Can a City change in our lifetime?  Yes, I believe it can change in a day.  When we as Durban stand together and say “no”.  When we see things that hurt people we just need to stand and say no, together as a collective of good people, things will change for the better.  There are more good people here than bad but we have given power to the bad people for too long.  Come on good people of Durban let us take this City this year.  Let us stand for what is good, noble, and true.  Let us just say no, together, to things that we know are wrong.  No to rape, no to theft, no to hijackings, no to litter, no to corruption, no to whatever we do not need in our City, just no!

Its time to rise Durban, it’s time to shake off fear and step up to be the city that people flock to for peace.  I want more for our City.  I believe 2019 is our year.

Celebrating our Real Heroes


“The world would be a peaceful place if it were ruled by women…Women can actually make society civil…Actually it is very straightforward: let women take over.”

Archbishop Desmond Tutu


For the month of August in celebration of Women’s Day, we are doing just that, letting the inspiring women, the real heroes in our community, take over!  Women are often the unsung heroes in our community but this month we are hoping to highlight them.  We are looking for your hope carrier, impact champion and change agent.  Like Aloes, these women are flowering majestically wherever they have been planted.

Nominate someone that inspires and challenges you to be more than you have been in the past or is changing your community for the better.

Between the 9th and 22nd July 2018 anyone residing in Ethekwini is invited to identify women that are making a positive impact in the lives of others.  They must reside or be impacting the eThekwini community.


Click HERE to complete the nomination form.


A selection committee will choose the women that will be profiled on our Facebook page throughout the month of August.  We want to honour and celebrate these women so that we can show as many people as possible how incredible they are.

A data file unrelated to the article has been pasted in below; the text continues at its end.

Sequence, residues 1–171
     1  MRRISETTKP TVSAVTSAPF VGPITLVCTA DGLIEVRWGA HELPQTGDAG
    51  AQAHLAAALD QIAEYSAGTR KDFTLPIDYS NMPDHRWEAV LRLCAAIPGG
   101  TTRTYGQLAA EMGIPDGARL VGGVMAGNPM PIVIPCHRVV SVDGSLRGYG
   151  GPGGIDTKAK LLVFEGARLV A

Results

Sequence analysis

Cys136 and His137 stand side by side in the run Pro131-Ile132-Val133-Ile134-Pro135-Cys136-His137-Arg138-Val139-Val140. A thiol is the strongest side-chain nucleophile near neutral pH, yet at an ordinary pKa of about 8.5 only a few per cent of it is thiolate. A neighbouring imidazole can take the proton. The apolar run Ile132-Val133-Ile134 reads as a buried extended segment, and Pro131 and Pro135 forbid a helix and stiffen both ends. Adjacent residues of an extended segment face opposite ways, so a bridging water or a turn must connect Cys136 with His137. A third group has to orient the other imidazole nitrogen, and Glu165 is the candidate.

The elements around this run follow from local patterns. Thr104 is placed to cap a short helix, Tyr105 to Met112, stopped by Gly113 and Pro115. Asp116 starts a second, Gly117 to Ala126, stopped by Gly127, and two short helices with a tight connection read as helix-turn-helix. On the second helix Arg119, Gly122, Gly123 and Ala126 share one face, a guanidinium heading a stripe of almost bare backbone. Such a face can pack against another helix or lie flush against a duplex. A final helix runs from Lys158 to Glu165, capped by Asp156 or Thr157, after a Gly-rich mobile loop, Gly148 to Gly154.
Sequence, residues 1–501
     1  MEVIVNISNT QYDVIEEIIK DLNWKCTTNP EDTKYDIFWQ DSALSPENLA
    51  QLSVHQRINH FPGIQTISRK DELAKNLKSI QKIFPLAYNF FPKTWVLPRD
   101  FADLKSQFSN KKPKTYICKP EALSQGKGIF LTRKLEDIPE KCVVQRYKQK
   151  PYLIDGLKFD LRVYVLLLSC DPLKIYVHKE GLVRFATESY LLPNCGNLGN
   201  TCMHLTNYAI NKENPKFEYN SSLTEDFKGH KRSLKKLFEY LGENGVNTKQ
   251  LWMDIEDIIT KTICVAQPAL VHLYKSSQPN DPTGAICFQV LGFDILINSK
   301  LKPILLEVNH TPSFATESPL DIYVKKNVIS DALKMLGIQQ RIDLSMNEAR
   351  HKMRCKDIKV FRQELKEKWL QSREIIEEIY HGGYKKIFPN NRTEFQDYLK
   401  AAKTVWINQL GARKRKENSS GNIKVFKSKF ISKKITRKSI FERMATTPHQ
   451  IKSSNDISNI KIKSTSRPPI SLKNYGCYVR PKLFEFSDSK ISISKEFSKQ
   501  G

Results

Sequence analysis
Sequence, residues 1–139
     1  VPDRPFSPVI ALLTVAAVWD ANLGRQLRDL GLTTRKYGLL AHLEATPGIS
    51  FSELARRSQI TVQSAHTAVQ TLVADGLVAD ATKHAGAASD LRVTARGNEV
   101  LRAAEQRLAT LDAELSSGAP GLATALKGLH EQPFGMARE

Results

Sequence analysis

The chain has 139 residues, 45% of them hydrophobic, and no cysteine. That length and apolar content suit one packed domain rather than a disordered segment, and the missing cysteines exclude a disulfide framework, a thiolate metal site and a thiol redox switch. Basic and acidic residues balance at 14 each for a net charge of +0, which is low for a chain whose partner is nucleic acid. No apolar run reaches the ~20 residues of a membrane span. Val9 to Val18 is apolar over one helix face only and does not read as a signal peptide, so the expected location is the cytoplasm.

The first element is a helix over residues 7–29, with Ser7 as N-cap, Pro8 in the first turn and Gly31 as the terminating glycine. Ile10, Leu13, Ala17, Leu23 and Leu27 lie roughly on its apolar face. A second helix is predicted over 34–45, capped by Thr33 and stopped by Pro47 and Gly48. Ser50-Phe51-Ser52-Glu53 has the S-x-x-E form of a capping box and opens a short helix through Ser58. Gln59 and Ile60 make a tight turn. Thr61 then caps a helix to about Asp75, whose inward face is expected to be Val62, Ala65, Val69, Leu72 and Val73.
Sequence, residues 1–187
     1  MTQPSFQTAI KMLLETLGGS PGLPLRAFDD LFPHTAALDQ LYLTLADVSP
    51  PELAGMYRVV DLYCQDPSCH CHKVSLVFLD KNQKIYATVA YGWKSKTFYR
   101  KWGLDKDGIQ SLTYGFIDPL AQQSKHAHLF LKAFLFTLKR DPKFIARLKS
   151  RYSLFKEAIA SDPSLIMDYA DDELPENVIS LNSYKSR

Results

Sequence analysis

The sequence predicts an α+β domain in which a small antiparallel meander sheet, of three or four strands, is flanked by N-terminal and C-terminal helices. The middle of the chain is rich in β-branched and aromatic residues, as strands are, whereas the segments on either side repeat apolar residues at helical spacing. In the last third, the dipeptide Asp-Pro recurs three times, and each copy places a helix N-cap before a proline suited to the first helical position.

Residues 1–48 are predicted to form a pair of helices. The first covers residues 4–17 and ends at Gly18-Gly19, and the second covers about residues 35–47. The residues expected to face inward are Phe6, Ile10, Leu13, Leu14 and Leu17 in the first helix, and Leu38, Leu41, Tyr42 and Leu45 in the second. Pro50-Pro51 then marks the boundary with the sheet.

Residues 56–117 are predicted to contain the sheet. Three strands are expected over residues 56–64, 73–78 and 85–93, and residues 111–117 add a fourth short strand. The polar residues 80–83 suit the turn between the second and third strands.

“She is clothed with strength and dignity and she laughs without fear of the future.”

– Proverbs 31:25


Terms and conditions:

  1. The “Celebrating our Real Heroes” initiative is not a competition. There are no prizes.  It is a forum to acknowledge and celebrate the contributions of extra-ordinary women to their community.
  2. 15 women or more, or “Heroes 2018” will be celebrated during the month of August. One for every other day of woman’s month.
  3. Nominations for “Celebrating our Real Heroes” are open from Monday 9 July 2018 – Monday 22 July 2018 at 23h59.  No nominations will be accepted after this time.
  4. Nominees must have made contributions to communities within the eThekwini Municipal area.
  5. Nominations may not be for any member of staff or family of We are Durban or Olive Tree Church. 
  6. A committee will review nominations and the 15 women selected to be “Heroes 2018”, will be contacted by the end of July 2018. 
  7. The committee’s decision is final.
  8. The “Heroes 2018” agree to have their pictures taken and their work and stories to profiled in social media and local media including print and radio.
  9. The “Celebrating our Real Heroes” initiative is voluntary. Should a selected Hero not wish to participate they may opt out.  In such instances the committee will select a suitable replacement based on the nominations.
  10. We are Durban may disqualify a nominated “Heroes 2018” before or after any public announcement, should any rule transgressions or factors which may bring We are Durban, its partners, sponsors and stakeholders into disrepute be discovered.  In such instances, and if time allows, the committee will select a suitable replacement based on the nominations.
  11. “Heroes 2018” take part in the initiative at their own risk and We are Durban bears no responsibility for any loss, damage or harm suffered as a result of participation.